There’s a common speculation in job hunting that many companies won’t publicly list available positions and instead they find candidates through connections and word-of-mouth. If you found the company of your career dreams but they don’t have any listings, don’t despair or give up—instead, write a letter of interest.
A letter of interest is different from a cover letter. The latter is used as material in your application that expands upon your interest and qualifications for the listed role (without summarizing your resume). A letter of interest operates similarly—you’re still flaunting your personal brand—however it’s more of a formal introduction asking to be considered for employment without referencing a known opening in the company. You might be able to use the letter to land an informational interview or to simply inquire about any openings.
As with any job application, a letter of interest doesn’t guarantee you’ll hear from an HR representative, but that doesn’t mean you weren’t noticed. Your letter of interest may be filed away for future opportunities, so it’s always worth the effort and it’s worth knowing how to write the letter correctly.
There are a few things to keep in mind when writing a letter of interest, most of which you already know from writing cover letters.
First, try to address the letter to someone specific at the company that works in a department of interest rather than writing “Hiring Team” or something less personal. If you don’t have any connections at the company, try doing a little bit of online research or see if the company has a corporate office you can call where a receptionist might be able to provide more information.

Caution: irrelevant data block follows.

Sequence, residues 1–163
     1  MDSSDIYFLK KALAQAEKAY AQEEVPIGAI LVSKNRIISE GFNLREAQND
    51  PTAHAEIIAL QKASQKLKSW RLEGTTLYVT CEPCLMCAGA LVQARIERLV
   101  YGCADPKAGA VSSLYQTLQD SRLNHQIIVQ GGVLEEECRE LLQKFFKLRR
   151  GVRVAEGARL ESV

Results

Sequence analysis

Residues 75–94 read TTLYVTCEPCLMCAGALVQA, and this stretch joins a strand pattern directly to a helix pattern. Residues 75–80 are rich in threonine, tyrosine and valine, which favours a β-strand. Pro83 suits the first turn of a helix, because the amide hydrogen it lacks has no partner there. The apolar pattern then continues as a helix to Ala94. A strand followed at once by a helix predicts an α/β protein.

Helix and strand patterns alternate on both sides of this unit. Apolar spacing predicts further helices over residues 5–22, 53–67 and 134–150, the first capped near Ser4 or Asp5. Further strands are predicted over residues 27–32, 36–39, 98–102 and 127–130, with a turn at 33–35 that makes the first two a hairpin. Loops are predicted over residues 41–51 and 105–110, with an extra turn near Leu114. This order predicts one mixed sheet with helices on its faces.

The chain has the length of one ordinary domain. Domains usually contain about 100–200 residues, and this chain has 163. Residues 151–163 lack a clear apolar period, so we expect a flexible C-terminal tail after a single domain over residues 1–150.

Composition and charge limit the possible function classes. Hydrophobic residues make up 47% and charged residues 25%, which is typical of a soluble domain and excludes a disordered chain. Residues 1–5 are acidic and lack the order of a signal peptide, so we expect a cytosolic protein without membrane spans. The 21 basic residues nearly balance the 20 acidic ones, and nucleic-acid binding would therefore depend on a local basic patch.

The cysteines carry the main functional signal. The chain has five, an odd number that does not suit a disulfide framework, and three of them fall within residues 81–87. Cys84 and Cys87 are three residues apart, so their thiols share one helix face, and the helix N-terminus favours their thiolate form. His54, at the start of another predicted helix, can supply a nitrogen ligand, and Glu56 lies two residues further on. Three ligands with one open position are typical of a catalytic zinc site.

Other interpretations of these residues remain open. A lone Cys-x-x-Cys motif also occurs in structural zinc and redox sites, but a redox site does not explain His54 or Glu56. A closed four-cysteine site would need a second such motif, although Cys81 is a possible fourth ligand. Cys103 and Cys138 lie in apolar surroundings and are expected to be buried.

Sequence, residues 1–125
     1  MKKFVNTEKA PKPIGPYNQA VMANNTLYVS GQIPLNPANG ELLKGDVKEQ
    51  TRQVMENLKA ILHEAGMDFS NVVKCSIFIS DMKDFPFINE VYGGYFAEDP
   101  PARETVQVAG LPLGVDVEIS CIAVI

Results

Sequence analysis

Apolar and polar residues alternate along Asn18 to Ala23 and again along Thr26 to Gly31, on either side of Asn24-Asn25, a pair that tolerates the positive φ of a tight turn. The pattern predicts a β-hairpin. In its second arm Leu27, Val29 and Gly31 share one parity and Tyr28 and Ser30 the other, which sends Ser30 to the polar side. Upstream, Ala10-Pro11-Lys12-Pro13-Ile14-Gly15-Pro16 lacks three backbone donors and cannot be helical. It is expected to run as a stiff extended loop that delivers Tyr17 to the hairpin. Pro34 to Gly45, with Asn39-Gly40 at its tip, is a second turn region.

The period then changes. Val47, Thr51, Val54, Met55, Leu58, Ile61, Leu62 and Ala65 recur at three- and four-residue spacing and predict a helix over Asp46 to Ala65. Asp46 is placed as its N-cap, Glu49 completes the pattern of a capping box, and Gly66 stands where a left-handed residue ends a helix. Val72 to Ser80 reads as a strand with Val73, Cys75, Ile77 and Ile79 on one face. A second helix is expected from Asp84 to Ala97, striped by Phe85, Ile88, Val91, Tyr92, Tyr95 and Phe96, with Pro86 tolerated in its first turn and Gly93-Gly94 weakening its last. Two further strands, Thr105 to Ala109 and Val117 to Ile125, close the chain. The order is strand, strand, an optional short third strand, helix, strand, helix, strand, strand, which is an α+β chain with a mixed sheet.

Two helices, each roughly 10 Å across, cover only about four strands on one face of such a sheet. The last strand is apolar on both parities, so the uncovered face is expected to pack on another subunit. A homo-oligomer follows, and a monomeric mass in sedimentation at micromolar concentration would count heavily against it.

Include a brief introduction about yourself, like an elevator pitch or what you would use to answer, “Tell us about yourself” in an interview. You’ll want to lay the roadmap for who you are and what you can bring to the table.
Just like a cover letter, the bulk of your letter of interest should thoroughly demonstrate not only your understanding of the company and company culture, but show how your experience and skills would add value (even though you aren’t referencing a specific position).
You can end the letter with a request for an informational interview. Be sure to include your contact information. And remember, keep the letter short and professional.
You can visit a no-cost Goodwill Career Center and ask a career advisor for assistance with job preparation, including resume building, cover letter writing, and interview techniques. Call 602-535-4444 to find a center near you or visit our locations page.
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